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24th June 2016

It’s been in the headlines for months but, now that Britain has voted to leave the EU, what does it actually mean for businesses? Many current workplace regulations originated in the EU and employers and employees alike have voiced concerns over what position they could now be in.

One thing is clear – everyone will be affected by the change. We also know that there will be no immediate break from the EU. The transition will require enormous negotiation and potentially several years to implement. While it’s impossible to predict exactly what impact the vote to leave is going to have on UK business, it’s likely that the UK will now go down one of two very distinct paths:

  • Repeal unfavourable laws immediately and keep the remainder
  • Keep the current EU laws and regulations in place, and gradually repeal or restructure those which are less favourable over time

It is unlikely that the UK would simply repeal all EU related employment law as this would create a state of chaos for employers, who would be unsure what laws do and don’t apply.

A consultant with ELAS, specialising in employment law took a look at all the issues and suggests that the second path seems most probable.

One of the areas of concern for employers and employees alike is that of EU workers. Many businesses currently employ citizens from across the EU and could be questioning their future eligibility to work – or continue working – here in the UK. In the short term at least, the chance of EU workers being affected by the vote is slim. Potential future EU migrants are the ones who could be affected by the changes. If the UK chooses to stay in the European Economic Area (EEA), it is likely that EU nationals would retain their right to work in the UK; however the UK government would have the freedom to implement whatever it chooses, and could require EU citizens who wish to work in the UK to have a work permit or visa in the same way as non-EU citizens do currently.

It is important that businesses stay up to speed with any changes to legislation, particularly those which originated from EU regulations, in order to stay compliant with any changes.  While we can safely assume that the government will not introduce any radical changes to current employment law, it’s undeniable that the UK employment landscape will alter. Both the government and UK businesses will want to avoid the legal and commercial chaos that could come from repealing current laws.

According to our consultant, the areas which are unlikely to change include:

National Minimum Wage – This is very much a British idea and regulations are not required by European law. Furthermore, the UK National Minimum Wage is significantly higher than that in similar European systems and the UK Government recently introduced the National Living Wage.

Transfer of Undertakings (TUPE) – The UK has gone further than the EU in terms of TUPE and when it applies so there are unlikely to be any changes.

Unfair dismissal and tribunals – Legislation relating to unfair dismissals and tribunals will almost certainly remain the same. Much of it did not originate from the EU, for example the fees system which was introduced to stop spurious claims.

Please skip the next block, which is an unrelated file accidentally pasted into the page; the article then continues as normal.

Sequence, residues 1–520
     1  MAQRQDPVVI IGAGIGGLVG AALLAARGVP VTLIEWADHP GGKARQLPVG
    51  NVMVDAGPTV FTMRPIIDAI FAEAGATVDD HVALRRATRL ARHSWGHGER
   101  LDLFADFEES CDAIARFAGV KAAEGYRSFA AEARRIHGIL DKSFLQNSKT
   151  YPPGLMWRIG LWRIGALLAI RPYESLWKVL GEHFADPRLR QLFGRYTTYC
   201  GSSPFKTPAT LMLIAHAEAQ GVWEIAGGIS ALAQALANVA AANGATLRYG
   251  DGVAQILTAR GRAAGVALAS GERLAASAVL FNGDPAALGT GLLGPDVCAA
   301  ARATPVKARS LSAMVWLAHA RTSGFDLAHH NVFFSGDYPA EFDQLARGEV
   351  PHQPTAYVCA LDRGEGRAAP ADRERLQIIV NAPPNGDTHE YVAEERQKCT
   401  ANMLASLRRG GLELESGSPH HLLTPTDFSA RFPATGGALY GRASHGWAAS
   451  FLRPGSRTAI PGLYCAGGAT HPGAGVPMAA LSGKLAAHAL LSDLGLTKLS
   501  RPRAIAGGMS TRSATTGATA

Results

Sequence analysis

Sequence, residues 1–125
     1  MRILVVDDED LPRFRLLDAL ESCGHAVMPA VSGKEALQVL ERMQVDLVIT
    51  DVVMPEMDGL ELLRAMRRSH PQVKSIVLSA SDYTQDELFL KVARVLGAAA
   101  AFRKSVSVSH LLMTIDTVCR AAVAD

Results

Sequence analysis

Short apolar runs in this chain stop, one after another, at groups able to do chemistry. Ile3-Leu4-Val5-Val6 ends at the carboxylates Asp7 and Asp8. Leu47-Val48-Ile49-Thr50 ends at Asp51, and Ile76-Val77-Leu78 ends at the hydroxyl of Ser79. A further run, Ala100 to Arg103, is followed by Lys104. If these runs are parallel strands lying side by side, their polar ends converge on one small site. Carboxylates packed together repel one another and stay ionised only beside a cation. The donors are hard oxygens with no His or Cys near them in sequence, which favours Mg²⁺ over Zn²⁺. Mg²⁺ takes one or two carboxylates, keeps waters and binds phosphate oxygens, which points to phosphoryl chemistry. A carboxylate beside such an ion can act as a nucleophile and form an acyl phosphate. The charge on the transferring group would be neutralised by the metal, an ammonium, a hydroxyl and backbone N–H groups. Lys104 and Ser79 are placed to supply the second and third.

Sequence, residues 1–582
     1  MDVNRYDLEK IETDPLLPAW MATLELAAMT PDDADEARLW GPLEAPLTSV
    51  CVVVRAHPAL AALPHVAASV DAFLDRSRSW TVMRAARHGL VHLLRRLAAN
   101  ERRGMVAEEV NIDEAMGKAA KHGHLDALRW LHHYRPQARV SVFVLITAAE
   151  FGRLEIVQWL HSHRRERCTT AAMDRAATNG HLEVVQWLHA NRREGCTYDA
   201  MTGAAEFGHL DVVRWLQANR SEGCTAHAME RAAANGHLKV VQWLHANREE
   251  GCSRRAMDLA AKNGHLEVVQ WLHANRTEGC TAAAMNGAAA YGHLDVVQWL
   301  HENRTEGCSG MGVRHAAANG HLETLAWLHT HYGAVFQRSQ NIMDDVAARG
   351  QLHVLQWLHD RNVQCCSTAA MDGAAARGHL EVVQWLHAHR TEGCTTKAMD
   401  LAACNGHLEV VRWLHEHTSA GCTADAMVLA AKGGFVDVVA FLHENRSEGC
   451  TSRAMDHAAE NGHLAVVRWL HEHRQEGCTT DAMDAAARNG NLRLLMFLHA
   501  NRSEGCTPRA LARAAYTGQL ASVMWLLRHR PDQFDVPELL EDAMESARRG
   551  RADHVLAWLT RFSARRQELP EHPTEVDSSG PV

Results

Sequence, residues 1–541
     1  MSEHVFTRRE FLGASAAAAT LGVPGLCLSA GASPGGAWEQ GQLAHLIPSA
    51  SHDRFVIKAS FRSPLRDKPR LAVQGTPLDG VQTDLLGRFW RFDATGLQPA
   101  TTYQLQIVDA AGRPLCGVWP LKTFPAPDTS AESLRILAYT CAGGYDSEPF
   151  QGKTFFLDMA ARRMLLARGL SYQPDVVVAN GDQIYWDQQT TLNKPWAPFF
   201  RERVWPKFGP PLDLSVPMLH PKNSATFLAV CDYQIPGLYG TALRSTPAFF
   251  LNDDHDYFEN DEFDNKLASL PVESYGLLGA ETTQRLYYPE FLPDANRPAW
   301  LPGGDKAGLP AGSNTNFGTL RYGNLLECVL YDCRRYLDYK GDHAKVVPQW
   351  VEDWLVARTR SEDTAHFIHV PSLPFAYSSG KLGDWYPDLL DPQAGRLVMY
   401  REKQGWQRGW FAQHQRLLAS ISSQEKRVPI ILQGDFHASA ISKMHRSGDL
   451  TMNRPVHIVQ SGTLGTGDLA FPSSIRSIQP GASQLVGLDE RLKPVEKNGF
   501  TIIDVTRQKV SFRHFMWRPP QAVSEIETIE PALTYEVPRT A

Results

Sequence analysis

Discrimination – While many of the UK laws regarding discrimination derive from the EU, it’s unlikely that there would be any major overhaul. Many UK discrimination laws have their origins pre-EU. The government could also face serious backlash and uproar, and there would be wider social implications if these laws were to be repealed. When it comes to issues such as the gender pay gap it’s impossible to know how they will be shaped, however they will probably remain unchanged for the foreseeable future.

Data Protection Act – This is a bit of an unknown area as it came about from an EU law. It’s difficult to predict exactly how it will be affected however, echoing the approach to discrimination laws, it’s unlikely that the Data Protection Act would be repealed as it would cause public outrage.

However Mr Garcia says that once Britain leaves the EU, we can expect to see changes in the following areas:

Working Time RegulationsThe Working Time Regulations (1998) has long been a point of contention with politicians campaigning for the UK to opt out. They influence weekly working hours, rest periods, paid annual leave and extra protection for night workers and, while it’s difficult to say how each of these points will be affected, it’s more than likely that they will be restructured beyond current recognition but it is unlikely that they will be completely repealed.

Agency Worker’s Rights (AWR) – This is expected to be high on the list of legislation to be amended or fully repealed. AWR was introduced to comply with the EU’s agency workers directive and is almost universally unpopular. It has been heavily criticised and is expected to be completely repealed.

Right to Work – Leaving the EU calls into question the position of UK nationals living and working in Europe as well as EU citizens working in the UK (as discussed above). The EU will be able to decide the terms on which it will allow British nationals to work in the EU but it’s likely that the UK would negotiate separate trade agreements allowing both UK and EU nationals to work flexibly.

ELAS’s legal experts can help businesses understand the implications of any legal changes stemming from the UK’s vote to leave the EU. Call 0161 785 2000 to speak to one of our experts today and find out how to keep your business one step ahead of any changes.


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